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Fifty Psychology Classics

  • Author: Tom Butler-Bowdon
  • Fiction / non: Non-fiction
  • Primary Category: Psychology
  • Additional categories: Psychology

This book would appeal to you if

you are interested in the field of psychology but haven’t studied it professionally.

You probably wouldn't like this book if

you only enjoy reading an author’s work in its original, unabridged form.

The key themes of this book are

The key findings by each of the fifty authors in their field of psychology, psychiatry, psychotherapy or behavioural science
Summaries of each author’s major principals
Quotes by each author
References to other books that explore similar themes

The writing style is

clear and direct, incorporating an analytical tone and occasionally some witty commentary.

This book is recommended as therapy because

it introduces fifty highly influential books of psychology, or more often, entire schools of psychological discourse. It provides a perfect springboard to discovering which works of psychology you may be interested in perusing in further depth, including mentioning whether they’re enjoyable, easy reads or whether, though influential, they are nonetheless dry and arduous.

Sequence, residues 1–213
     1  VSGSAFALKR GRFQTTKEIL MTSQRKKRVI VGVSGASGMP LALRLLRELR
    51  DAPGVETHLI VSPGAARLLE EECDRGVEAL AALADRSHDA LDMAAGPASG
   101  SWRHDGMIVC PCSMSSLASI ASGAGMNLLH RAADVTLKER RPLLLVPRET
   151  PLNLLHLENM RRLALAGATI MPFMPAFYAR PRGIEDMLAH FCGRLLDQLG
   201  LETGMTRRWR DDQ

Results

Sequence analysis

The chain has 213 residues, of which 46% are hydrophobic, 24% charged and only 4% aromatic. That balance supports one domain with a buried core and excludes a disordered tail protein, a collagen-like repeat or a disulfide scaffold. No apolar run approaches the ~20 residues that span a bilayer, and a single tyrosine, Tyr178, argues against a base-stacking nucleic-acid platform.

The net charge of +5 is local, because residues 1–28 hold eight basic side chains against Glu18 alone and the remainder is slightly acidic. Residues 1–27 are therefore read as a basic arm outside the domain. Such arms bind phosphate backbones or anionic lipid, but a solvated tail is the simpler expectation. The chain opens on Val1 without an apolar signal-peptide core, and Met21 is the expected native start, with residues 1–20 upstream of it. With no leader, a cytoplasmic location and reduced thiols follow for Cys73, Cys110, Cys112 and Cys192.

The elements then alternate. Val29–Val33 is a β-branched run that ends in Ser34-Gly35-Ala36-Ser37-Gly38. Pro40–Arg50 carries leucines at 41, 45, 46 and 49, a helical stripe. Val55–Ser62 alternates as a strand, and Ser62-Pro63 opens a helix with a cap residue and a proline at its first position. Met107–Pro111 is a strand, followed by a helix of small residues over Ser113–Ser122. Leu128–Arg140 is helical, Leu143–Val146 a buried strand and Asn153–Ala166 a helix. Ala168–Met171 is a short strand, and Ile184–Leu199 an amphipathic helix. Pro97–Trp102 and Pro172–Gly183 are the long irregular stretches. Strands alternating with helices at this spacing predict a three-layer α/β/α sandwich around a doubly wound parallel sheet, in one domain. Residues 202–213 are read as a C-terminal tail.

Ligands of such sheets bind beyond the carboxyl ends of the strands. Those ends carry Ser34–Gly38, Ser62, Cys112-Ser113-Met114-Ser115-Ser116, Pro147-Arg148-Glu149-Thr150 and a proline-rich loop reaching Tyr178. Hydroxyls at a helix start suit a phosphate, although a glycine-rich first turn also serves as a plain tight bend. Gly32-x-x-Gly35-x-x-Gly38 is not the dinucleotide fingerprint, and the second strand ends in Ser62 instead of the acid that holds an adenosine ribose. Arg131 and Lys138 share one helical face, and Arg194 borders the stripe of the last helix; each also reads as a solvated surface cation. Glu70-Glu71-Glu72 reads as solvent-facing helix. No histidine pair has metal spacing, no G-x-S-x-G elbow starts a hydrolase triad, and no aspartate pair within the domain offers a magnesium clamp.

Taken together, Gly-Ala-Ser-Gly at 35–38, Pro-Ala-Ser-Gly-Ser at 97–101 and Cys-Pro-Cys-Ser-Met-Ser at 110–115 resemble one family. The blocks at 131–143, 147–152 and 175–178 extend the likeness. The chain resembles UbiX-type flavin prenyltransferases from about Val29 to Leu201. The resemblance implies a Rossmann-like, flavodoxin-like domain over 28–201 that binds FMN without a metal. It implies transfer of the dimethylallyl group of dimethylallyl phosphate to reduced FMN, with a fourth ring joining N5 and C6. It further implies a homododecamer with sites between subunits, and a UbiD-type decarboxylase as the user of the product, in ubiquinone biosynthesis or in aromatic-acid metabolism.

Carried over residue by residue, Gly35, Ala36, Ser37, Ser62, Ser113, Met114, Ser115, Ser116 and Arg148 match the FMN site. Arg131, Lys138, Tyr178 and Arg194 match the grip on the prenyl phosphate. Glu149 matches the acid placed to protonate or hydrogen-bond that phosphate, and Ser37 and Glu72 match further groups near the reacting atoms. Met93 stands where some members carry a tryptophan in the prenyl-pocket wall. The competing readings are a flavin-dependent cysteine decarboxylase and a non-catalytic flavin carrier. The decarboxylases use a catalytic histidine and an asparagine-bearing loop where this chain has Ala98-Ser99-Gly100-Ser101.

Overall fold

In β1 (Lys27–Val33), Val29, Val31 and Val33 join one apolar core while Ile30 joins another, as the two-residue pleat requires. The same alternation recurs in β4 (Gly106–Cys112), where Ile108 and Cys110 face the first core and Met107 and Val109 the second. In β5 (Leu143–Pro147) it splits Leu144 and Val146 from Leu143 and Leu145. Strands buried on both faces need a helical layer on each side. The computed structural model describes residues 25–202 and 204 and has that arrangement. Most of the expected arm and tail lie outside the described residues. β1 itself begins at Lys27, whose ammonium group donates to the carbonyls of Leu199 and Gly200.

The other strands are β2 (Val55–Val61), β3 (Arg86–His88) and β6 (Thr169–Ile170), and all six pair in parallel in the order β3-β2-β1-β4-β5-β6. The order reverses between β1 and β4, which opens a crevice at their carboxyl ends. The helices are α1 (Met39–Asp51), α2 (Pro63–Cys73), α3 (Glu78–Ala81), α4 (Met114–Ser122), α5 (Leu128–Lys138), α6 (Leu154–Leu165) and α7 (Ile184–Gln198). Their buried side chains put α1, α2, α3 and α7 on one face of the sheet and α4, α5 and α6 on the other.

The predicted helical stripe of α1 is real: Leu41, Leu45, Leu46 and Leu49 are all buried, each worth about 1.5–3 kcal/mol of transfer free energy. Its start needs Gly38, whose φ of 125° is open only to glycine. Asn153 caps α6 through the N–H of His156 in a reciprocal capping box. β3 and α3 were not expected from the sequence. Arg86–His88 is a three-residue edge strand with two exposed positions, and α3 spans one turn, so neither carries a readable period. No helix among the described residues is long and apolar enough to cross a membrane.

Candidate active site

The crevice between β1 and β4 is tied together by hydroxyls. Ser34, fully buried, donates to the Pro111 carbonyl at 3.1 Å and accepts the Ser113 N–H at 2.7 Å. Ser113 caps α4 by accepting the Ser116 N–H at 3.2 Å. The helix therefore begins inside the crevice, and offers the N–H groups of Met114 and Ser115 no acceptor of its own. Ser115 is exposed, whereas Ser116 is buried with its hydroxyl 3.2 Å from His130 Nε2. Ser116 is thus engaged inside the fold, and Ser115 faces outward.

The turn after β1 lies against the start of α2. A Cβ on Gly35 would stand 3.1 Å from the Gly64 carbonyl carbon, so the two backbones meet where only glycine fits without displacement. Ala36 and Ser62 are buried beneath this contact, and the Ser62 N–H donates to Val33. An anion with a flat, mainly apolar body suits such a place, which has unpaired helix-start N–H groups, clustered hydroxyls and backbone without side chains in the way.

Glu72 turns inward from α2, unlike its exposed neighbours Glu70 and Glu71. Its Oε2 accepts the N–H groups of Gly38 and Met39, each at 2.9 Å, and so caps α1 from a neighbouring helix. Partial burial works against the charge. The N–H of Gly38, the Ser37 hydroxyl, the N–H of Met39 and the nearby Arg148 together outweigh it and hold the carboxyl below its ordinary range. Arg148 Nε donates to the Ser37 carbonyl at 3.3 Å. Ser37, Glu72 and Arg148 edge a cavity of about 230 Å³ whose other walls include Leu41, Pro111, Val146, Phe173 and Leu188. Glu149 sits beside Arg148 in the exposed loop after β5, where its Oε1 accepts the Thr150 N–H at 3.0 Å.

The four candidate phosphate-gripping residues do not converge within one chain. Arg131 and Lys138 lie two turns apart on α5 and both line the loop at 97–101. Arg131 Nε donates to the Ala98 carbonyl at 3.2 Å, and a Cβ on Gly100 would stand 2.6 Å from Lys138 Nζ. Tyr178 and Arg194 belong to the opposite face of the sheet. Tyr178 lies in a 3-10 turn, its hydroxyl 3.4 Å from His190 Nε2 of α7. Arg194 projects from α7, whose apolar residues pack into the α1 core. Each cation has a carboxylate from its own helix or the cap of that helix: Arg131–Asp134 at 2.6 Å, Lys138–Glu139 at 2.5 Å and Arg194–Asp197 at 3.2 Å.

‘In the first few pages [of The Divided Self], Laing expressed a view common in the 1960s and 1970s that it is not the people locked up in the asylums who are truly mad, but the politicians and generals who are ready to destroy the human race at the push of a button. He felt it was somewhat arrogant of psychiatry to class some people as “psychotic,” as if they’d ceased to be part of the human race. For Laing, the psychiatrist’s labels said more about the profession of psychiatry than they did about anyone’s real state of mind.’ Page 213

Fifty Psychology Classics

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